A pinboard by
Mary Huff

Postdoctoral Research Associate, Stowers Institute


Loss of memory is the earliest and most common symptom of many diseases of the nervous system. Despite intense efforts, it remains unclear how and why memory is lost - can we no longer form a memory? Or can we not hold the memory? Or have we lost the ability to recall? To understand loss of memory, therefore we first need to understand how normal memory is acquired, stored and recalled and thus is the first line of our research. We are targeting key molecular mechanisms at multiple levels of memory processing to better define what mechanisms are important at different stages of normal learning. Recent technical advances in light-sensitive proteins allow us to selectively inactivate these target proteins in a mouse model in a temporally and spatially restricted manner. Moreover, previous work from our lab has discovered that there are proteins in the nervous system that normally form amyloids and are required for memory to persist unlike the amyloids commonly discussed in disease. This suggested that amyloid diseases may be due to loss of normal function of amyloids, a completely novel way of looking at the cause of memory loss in Alzheimer’s and other disease states. Therefore, we want understand the synaptic events that help store a memory stably again using light-activated tagging of proteins that are being activated during the various phases of memory formation, storage, and recall. Understanding these mechanisms during normal learning will inform what goes wrong in the disease state.


Posttraining optogenetic manipulations of basolateral amygdala activity modulate consolidation of inhibitory avoidance memory in rats.

Abstract: Memory consolidation studies, including those examining the role of the basolateral amygdala (BLA), have traditionally used techniques limited in their temporal and spatial precision. The development of optogenetics provides increased precision in the control of neuronal activity that can be used to address the temporal nature of the modulation of memory consolidation. The present experiments, therefore, investigated whether optogenetically stimulating and inhibiting BLA activity immediately after training on an inhibitory avoidance task enhances and impairs retention, respectively. The BLA of male Sprague-Dawley rats was transduced to express either ChR2(E123A) or archaerhodopsin-3 from the Halorubrum sodomense strain TP009 (ArchT). Immediately after inhibitory avoidance training, rats received optical stimulation or inhibition of the BLA, and 2 d later, rats' retention was tested. Stimulation of ChR2(E123A)-expressing neurons in the BLA using trains of 40-Hz light pulses enhanced retention, consistent with recording studies suggesting the importance of BLA activity at this frequency. Light pulses alone given to control rats had no effect on retention. Inhibition of ArchT-expressing neurons in the BLA for 15 min, but not 1 min, significantly impaired retention. Again, illumination alone given to control rats had no effect on retention, and BLA inhibition 3 h after training had no effect. These findings provide critical evidence of the importance of specific frequency patterns of activity in the BLA during consolidation and indicate that optogenetic manipulations can be used to alter activity after a learning event to investigate the processes underlying memory consolidation.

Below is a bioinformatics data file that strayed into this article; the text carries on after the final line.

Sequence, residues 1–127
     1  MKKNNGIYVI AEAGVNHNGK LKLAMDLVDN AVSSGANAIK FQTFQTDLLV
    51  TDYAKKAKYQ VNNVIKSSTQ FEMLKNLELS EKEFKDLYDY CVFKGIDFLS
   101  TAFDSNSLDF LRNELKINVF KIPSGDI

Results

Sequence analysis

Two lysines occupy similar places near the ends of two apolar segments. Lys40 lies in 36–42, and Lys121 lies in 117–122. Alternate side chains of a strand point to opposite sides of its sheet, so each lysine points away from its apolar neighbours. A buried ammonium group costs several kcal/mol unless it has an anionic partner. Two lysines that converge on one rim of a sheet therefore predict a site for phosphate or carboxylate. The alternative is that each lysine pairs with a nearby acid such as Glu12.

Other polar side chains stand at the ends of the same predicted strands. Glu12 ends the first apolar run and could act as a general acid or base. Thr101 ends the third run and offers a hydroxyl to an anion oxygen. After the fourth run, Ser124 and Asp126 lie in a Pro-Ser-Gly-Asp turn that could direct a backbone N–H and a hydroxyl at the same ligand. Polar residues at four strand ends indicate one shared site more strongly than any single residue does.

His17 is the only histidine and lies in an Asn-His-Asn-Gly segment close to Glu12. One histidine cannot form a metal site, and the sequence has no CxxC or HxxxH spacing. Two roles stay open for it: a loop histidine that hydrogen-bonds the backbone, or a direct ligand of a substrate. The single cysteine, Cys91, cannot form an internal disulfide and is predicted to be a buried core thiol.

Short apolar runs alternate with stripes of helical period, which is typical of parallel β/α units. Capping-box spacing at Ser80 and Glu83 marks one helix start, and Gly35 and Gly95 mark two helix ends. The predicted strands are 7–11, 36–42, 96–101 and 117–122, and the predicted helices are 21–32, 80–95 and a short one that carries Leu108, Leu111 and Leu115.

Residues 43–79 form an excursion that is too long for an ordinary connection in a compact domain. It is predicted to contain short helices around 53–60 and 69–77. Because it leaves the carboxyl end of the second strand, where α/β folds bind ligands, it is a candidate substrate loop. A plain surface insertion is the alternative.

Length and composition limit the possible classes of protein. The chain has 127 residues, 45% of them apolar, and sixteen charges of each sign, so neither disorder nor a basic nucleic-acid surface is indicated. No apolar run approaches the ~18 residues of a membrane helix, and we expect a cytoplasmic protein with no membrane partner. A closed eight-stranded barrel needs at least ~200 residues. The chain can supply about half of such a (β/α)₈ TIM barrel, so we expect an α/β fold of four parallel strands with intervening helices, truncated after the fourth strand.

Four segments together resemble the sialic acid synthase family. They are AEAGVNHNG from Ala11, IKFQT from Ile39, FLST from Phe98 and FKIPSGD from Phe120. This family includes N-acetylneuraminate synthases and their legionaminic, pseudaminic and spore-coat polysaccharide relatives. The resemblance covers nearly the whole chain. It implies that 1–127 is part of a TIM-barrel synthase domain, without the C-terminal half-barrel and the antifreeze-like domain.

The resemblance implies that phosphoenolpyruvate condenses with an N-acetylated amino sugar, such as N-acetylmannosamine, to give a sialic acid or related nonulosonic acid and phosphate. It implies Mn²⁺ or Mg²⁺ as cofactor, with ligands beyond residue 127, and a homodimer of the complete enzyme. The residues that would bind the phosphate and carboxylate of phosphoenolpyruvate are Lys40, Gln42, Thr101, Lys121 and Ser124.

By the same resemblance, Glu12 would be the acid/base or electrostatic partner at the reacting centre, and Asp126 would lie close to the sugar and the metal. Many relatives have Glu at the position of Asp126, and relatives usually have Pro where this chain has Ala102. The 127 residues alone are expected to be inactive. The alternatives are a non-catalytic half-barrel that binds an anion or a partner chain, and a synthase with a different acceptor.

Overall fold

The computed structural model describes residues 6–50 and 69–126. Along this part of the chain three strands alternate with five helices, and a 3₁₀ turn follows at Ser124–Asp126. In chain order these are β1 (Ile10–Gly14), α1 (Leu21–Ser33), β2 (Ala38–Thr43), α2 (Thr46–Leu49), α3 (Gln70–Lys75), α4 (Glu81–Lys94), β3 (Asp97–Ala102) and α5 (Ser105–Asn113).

Pub.: 13 Feb '13, Pinned: 30 Jun '17